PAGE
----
Consider the Grand Tour. Money is no object, for you are from English wealth and it is your birthright to explore the arts of Paris and Florence, to swan about the continent becoming…continental. More cultured, perhaps, educated in the arts, fluent in a second or third language, having acquired a broader view of the world, albeit one seen from a perch of luxury and wealth.

Now, consider a century later when a gentleman named Thomas Cook gathered some friends for an outing by rail and created the master template for group excursions. These weren’t just for the rich; Thomas Cook’s adventures took the middle class to see the world. Europe, of course, but also the Middle East and across the Atlantic to America. Jump forward another 100 years and we have William Boeing developing the commercial airliner and off we go, round the world in a day.

After air travel, connectivity has been the next leap forward. We have unprecedented access to information that makes our travels easier. And we can communicate our adventures with the world and be stars in our own travel documentaries. The selfie stick may annoy (and its thoughtless use has led to the unfortunate end of an embarrassing number of travellers) but who doesn’t want to picture themselves in the Imperial City or walking a Norwegian glacier or blazing across the Serengeti in pursuit of a pride of lions?

We can be the stars in our own travel documentaries.

We can be the stars in our own travel documentaries.

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The world is ours to explore. We need money, of course, but we need not be wealthy. The Grand Tour is now the gap year — or maybe it’s a career break, a sabbatical from a full-time job or a semester abroad. It feels as though travel has never been more affordable or more accessible.

The package tour has evolved, too, and even the most independent traveller can find a group that fits their style. When a friend contacted me to say she and a girlfriend had booked a small group tour through Vietnam, Cambodia and Thailand, I had a day or two of frustration until it hit me: I could shake off my outdated ideas about group travel and tag along.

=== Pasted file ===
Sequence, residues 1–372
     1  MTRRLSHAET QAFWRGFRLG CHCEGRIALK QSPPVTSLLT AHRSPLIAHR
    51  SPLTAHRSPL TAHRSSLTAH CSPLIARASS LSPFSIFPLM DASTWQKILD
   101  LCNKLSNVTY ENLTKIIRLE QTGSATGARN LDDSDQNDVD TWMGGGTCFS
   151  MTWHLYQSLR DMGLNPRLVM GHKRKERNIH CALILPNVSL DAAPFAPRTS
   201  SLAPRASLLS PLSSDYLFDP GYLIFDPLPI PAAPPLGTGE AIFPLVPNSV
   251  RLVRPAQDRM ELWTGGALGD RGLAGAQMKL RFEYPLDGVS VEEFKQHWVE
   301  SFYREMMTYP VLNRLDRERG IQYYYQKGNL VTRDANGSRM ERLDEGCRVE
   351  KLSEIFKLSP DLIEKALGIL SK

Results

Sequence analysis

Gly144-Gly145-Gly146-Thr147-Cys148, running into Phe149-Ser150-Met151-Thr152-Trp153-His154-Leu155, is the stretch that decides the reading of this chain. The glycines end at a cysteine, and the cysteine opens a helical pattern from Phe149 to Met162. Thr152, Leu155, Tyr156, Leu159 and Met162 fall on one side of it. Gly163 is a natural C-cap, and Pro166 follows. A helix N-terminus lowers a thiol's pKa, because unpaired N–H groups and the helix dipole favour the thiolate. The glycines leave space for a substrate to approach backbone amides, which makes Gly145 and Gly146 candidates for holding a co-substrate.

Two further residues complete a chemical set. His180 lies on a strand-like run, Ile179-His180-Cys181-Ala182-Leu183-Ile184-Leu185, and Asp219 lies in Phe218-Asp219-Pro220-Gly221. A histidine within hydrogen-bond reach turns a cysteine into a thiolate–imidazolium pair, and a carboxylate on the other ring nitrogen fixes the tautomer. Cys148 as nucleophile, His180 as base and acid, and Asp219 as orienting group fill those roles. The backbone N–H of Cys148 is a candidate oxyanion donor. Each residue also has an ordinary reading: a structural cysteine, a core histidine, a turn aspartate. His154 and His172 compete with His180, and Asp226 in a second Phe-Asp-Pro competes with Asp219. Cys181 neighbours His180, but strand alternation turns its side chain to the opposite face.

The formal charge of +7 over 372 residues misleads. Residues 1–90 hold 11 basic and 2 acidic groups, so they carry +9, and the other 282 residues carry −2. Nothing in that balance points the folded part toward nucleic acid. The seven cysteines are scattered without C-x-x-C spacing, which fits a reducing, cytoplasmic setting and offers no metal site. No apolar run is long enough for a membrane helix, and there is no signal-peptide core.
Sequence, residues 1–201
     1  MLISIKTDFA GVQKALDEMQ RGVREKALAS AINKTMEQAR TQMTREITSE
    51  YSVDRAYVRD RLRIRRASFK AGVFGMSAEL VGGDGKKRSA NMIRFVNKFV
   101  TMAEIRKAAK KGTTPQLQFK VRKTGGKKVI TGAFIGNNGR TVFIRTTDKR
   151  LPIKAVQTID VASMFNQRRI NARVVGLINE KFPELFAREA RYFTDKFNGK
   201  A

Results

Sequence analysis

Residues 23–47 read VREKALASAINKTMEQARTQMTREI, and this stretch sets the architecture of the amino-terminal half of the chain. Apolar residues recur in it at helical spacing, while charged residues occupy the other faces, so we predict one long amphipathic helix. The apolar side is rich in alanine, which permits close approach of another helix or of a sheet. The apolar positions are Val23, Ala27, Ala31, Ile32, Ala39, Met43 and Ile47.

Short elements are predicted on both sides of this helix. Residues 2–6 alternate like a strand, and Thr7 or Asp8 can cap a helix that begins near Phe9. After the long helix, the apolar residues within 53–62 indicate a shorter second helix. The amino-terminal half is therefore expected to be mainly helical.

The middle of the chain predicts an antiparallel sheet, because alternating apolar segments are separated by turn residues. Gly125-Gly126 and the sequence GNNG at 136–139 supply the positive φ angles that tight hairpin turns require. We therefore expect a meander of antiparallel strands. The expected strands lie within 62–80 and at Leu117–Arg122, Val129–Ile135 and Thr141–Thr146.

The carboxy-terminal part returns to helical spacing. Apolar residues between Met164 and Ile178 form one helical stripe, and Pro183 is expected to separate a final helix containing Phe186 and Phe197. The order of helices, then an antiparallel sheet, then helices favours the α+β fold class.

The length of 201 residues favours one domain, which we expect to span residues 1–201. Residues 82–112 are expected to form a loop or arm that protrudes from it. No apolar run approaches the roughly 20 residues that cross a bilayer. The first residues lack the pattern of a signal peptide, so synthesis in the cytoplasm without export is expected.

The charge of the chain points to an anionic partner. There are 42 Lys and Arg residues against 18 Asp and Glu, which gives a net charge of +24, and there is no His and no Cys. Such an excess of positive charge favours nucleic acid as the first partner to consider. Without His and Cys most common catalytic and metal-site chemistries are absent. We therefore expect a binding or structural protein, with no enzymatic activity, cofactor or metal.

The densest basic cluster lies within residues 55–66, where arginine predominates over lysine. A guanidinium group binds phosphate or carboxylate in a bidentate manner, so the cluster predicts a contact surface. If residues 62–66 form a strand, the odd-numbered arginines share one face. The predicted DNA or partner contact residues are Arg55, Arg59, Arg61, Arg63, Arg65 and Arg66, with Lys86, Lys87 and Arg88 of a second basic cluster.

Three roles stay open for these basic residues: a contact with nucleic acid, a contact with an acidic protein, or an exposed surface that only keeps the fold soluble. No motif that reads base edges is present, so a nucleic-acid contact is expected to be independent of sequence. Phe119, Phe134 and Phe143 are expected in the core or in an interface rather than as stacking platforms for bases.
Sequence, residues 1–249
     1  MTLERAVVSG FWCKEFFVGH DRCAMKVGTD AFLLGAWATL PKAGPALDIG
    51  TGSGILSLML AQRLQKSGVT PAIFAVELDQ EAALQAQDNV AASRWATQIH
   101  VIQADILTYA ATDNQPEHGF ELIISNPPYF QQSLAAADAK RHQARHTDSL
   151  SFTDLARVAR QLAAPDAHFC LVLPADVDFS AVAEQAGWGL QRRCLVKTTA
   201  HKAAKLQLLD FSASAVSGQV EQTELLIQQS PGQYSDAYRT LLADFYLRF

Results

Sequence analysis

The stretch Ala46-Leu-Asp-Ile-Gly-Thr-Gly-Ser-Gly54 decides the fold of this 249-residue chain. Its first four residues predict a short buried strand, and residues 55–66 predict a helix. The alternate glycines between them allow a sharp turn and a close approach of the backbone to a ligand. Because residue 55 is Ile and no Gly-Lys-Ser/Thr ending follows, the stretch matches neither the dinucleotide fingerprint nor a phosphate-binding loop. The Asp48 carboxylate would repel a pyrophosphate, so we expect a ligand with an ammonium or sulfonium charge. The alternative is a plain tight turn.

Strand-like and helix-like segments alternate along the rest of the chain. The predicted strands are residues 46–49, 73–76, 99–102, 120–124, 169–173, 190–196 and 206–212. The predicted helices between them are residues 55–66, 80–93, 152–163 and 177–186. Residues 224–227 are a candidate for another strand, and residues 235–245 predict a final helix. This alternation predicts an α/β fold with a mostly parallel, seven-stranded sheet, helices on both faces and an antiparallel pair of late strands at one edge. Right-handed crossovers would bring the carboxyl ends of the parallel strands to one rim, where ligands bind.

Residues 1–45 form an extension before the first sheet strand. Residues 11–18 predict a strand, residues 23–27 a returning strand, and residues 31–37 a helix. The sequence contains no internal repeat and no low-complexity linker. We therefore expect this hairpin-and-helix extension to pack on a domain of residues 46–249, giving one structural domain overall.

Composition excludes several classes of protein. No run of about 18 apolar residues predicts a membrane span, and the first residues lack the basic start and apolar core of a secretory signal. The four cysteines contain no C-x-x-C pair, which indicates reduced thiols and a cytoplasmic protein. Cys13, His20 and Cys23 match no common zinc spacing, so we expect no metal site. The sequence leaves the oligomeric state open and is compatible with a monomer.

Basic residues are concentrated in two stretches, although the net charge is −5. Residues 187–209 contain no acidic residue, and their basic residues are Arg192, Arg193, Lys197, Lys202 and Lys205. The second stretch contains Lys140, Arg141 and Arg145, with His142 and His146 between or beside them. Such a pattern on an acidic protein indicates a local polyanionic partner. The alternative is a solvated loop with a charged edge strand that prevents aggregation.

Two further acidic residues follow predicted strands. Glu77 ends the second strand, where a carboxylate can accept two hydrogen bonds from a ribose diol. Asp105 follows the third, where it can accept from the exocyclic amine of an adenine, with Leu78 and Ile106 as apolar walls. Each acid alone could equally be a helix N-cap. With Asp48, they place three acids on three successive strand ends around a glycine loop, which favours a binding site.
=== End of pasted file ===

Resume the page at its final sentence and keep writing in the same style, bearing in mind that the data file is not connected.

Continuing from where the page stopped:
Off we went, friends travelling together — with all our logistics sorted. And we weren’t locked into a rigid plan. The only thing required was that we be ready when the group departed for the next destination. It was cheap, it was easy and we had a roaming dinner party throughout South East Asia for two weeks. Why had I waited so long to travel like this? I’ve done other adventures too — a safari in Kenya and Tanzania and an epic journey to Antarctica — and they were no less adventurous for having everything managed by a tour company.

Even the most independent traveller can find a group that fits their style.

Even the most independent traveller can find a group that fits their style.

We’ve lost some things over time, it would be wrong to say otherwise. We are not so much explorers of new territory anymore as we are repeat guests. The excessive documentation of everything has dulled our ability to be surprised. I once picked up a hitchhiker in South Dakota who said he thought Mount Rushmore would be bigger, the monumental heads of those four American presidents held no magic for him.

But an age of information means we can enter into a place much more informed, enabling us to go beyond shallow interpretations of place and reach genuine understanding of global issues. Rather than approaching places as material to exploit, we can travel to deepen our understanding of the world. How grand that the changes in travel have allowed us to once again embrace the idea of the Grand Tour.

Getting There

G Adventures runs a number of departures encompassing a wide range of departure dates and activities to cater for different tastes. We’re thrilled at the prospect of showing you this big blue planet of ours — check out our small group trips here.

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